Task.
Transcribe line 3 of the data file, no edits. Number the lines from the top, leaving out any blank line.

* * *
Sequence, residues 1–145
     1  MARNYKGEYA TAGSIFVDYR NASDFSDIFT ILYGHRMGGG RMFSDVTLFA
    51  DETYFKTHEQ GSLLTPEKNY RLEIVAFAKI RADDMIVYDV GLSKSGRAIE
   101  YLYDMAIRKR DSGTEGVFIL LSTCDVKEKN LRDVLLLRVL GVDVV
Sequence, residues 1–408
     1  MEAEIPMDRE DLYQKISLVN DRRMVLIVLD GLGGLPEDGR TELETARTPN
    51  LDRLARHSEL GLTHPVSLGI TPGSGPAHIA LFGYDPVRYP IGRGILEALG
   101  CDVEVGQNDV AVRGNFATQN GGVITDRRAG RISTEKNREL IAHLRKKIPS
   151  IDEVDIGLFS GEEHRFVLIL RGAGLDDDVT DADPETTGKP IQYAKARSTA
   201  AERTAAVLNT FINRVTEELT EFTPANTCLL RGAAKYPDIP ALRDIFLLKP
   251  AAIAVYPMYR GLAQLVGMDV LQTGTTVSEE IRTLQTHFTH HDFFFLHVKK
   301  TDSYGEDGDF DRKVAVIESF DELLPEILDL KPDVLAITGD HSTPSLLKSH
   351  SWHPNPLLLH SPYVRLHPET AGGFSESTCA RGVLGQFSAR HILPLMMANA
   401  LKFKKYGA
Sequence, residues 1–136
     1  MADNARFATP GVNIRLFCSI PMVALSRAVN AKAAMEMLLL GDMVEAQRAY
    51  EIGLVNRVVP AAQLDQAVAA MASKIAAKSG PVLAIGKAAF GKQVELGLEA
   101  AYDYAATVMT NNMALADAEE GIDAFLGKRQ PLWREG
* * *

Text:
    51  DETYFKTHEQ GSLLTPEKNY RLEIVAFAKI RADDMIVYDV GLSKSGRAIE